Jonathan May watches too much television, but he’s just playing catch-up from a childhood spent in Zimbabwe. You can read his poetry at owenmay.com, follow him on Twitter at @jonowenmay, or email him at owen.may@gmail.com

Song of the Summer? Disclosure – Latch

Jonathan May

Disclosure – “Latch”
PMR Records

On my quest for the perfect summer song, I seem to have stumbled back in time, or so my radio would have me believe. Though the song came out from British dance-pop band Disclosure in 2012, it didn’t really quite make the charts on our side of the pond until it was used in So You Think You Can Dance during a routine, after which point it sky-rocketed into hourly rotation on the pop stations. The song itself is incredibly simple, built on a tale of enrapture within desire. The accompanying video reinforces the lyrical motifs by drawing pairs of lovers into constructed tableaux of lights, water, and ample second-base. We’re given two straight and one lesbian pairs, which added at least some shade of variety. However, the variety ends there.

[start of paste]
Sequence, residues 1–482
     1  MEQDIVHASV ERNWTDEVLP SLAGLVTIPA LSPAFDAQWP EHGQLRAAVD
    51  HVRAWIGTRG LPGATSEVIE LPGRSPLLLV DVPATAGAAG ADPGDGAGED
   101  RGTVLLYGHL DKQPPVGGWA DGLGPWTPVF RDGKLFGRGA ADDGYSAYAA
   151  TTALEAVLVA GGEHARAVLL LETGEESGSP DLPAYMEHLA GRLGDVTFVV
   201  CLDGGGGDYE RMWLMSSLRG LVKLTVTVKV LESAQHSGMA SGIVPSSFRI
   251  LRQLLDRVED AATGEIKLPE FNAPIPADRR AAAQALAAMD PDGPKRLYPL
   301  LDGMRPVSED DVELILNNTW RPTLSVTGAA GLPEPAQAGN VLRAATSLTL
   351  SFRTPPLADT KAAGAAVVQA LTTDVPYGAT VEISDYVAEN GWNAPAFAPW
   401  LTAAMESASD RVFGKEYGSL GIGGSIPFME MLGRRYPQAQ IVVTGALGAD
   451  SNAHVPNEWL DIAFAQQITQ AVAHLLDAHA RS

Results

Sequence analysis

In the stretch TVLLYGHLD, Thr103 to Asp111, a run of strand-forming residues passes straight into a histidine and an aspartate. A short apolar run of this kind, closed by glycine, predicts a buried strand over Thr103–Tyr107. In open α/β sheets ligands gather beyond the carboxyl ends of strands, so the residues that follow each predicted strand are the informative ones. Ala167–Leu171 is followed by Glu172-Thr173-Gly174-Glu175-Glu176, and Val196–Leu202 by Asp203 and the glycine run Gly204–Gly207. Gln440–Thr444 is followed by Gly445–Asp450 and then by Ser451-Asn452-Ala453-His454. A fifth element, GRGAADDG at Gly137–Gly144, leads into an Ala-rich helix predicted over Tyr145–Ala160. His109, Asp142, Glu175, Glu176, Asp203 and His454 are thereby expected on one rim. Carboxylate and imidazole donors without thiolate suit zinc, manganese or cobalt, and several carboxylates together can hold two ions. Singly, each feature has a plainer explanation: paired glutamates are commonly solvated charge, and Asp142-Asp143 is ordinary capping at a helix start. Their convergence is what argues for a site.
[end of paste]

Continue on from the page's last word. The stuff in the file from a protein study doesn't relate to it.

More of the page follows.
The song has all the potential for a summer hit. It’s dance-y, easy to sing the chorus, and has a hip, sexy video. So why am I on the fence? We’re given nothing outside a world of pure desire. I understand the song has a particular focus (most do), but the exact representation of the subject matter displayed so matter-of-factly within the video eliminated the possibility of any tension. It’s definitely more of a radio song than an “experience” in any way, which is 100% fine with me. I expect little of pop music these days, and this song certainly holds more aural pull than most. The chorus (“Now I’ve got you in my space/I won’t let go of you/Got you shackled in my embrace/I’m latching on to you”) at least has some erotic edge even. Given the general ennui assigned BDSM these days (due to 50 Shades and the like), it’s nice that at least musically we are given something restrained (no pun intended) and simple that’s not vulgar. While this doesn’t reinvent the love song, the song deserves some volume this summer on a slinky night.